For years a swath of the African continent has been a killing ground for the Lord’s Resistance Army (LRA). As the BBC’s Chris Simpson reports, villagers in southern parts of the Central African Republic are the latest to flee in fear from the rebels.
Like the rest of his village, Elie Leande, the chief of Kourokou I, is now living in a makeshift camp near Obo, the regional capital of Haut-Mbomou in southern CAR.
He says the LRA attacked his village in May, killing 10 civilians.
“I had not really heard of these people before, but now they are always with us,” he says.
“I do not know what they want, because they attack you before you can talk to them.”
As with other locals, Mr Leande refers to the LRA as the Tongo Tongo.
The first reports of LRA activity in Haut-Mbomou filtered through in February 2008.
The LRA originated in Uganda two decades ago, with leader Joseph Kony claiming he wanted to overthrow the Kampala government and install a Bible-based theocracy.
Since then, the rebels have fought battles across several countries.
In Sudan, the Democratic Republic of Congo - and now the CAR - the LRA insurgency has been characterised by small groups of combatants attacking villages, burning property, taking hostages, raiding crops and livestock.
After a period of relative calm, LRA attacks resumed in May this year.
Elie Leande lists the villages hit and then abandoned: “Diniri, Gassimbla, Koubou, Gougbere, Ngouli, Kouroukou... our government was very negligent.”
Local human rights organisations have complained bitterly of a lack of proper protection, calling on the government to step up the deployment of troops to the area.
With the CAR’s approval, Uganda has deployed troops to take part in a major operation against the LRA.
Uganda has since announced the killing of two senior LRA officers - Colonel Santos Ali and Kalalang - and the capture of two others, Thomas Kwoyelo and Major Okot Atiak, who is often described as Mr Kony’s main lieutenant.
But the reported victories mean little to Mr Leande and his neighbours.
“Every day you hear of shots being fired and that means the Tongo Tongo are still in the area,” he says.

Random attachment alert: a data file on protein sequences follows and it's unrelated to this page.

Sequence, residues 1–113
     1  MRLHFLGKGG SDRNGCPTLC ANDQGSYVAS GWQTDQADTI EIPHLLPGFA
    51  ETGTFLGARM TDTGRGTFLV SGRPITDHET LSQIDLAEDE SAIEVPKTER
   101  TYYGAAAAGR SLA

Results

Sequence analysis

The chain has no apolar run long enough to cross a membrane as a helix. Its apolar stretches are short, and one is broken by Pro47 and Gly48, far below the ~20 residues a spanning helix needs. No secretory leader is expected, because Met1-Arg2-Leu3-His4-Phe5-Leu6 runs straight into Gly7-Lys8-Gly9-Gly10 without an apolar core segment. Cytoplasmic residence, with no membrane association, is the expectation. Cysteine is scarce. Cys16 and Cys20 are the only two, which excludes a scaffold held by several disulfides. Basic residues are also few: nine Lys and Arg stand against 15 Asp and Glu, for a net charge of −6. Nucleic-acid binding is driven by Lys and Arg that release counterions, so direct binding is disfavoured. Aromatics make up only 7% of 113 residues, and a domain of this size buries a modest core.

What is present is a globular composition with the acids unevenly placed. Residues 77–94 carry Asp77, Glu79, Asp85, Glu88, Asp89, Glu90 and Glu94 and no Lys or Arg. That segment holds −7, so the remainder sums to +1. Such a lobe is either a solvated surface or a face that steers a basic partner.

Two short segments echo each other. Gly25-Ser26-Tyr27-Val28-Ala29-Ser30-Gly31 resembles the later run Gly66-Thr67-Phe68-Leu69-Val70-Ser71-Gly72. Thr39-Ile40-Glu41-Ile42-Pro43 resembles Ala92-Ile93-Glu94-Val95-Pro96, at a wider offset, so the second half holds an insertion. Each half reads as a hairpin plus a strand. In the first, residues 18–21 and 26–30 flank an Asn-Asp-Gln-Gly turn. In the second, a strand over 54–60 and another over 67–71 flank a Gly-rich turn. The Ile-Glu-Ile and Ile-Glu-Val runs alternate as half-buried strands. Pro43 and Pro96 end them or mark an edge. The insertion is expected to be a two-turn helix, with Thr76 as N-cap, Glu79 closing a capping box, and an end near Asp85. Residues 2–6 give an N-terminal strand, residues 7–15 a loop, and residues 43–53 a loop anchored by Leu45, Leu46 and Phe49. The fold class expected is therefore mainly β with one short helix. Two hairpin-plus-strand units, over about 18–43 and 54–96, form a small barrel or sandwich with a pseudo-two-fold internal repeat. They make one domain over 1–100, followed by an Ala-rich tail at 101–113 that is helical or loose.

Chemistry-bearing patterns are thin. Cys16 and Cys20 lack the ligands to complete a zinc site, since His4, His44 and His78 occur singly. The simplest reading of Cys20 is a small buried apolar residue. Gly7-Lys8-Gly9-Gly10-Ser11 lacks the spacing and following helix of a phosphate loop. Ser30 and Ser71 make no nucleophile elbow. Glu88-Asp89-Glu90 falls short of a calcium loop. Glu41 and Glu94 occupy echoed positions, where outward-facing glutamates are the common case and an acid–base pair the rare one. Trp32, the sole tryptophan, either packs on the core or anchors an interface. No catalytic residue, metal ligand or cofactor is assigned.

“We hold meetings to decide what we should do. No-one wants to be here in these pitiful conditions, but we cannot go back to our village for now.”
Initially housed in schools and churches, most of the 3,000 displaced villagers now occupy makeshift huts and shelters, using branches of trees, plastic sheeting and any available greenery to reinforce their homes.
he villages have been reconstituted on clearly demarcated sites accessible from a long, winding path.
Those who fled Kouroukou I in May live cheek-by-jowl with villagers from Kouroukou II, abandoned in September.
Hundreds of Congolese refugees have also settled in Obo, fleeing the same enemy.
The International Committee of the Red Cross (ICRC) works closely with the displaced communities and is trying to secure access to clean drinking-water and build toilets.
The search for food and water can be hazardous, with ever-changing reports on which areas around Obo are safe and which are off-limits, depending on the LRA’s presence and the activities of Ugandan troops.
Elie Bitimoyo is village chief in Ligoua, 20km (12 miles) south-east of Obo. He left in August after a series of LRA attacks over the previous three months.
“We were targeted because the village is rich and they wanted our crops and animals”, he says.
Ugandan troops have been patrolling Ligoua and, according to Mr Bitimoyo, they showed villagers the head of a slain LRA combatant as proof that they were in control of the situation.
“The UPDF [Ugandan army] are doing their work”, Mr Bitimoyo says.
“But to sort this problem out you need a stronger force. Why can the French or the Americans not intervene here?”
Although a provincial capital, Obo is little more than a collection of villages. The population lives mainly off agriculture and hunting.
There are concerns that the best farmland has been wrecked by the LRA.
Ethnic Peul nomads, who have been coming through the region for decades, have also lost livestock. The main market is poorly stocked.
Ironically, Haut-Mbomou has been spared the insurgencies and military operations seen in northern parts of the CAR.
Locals remember being unwilling hosts to southern Sudanese rebels in the past and draw parallels with their current predicament.
But there is anger too at the central government, accused of neglecting its responsibilities.
President Francois Bozize is due to visit Obo in October, a mission seen as a gesture of solidarity, breaking the region’s isolation.
“The president should not come here at this moment,” one villager from Kourouko asserts.
“Look at how much food the Tongo Tongo have stolen. This is no time for a celebration with the president. What will we feed him?”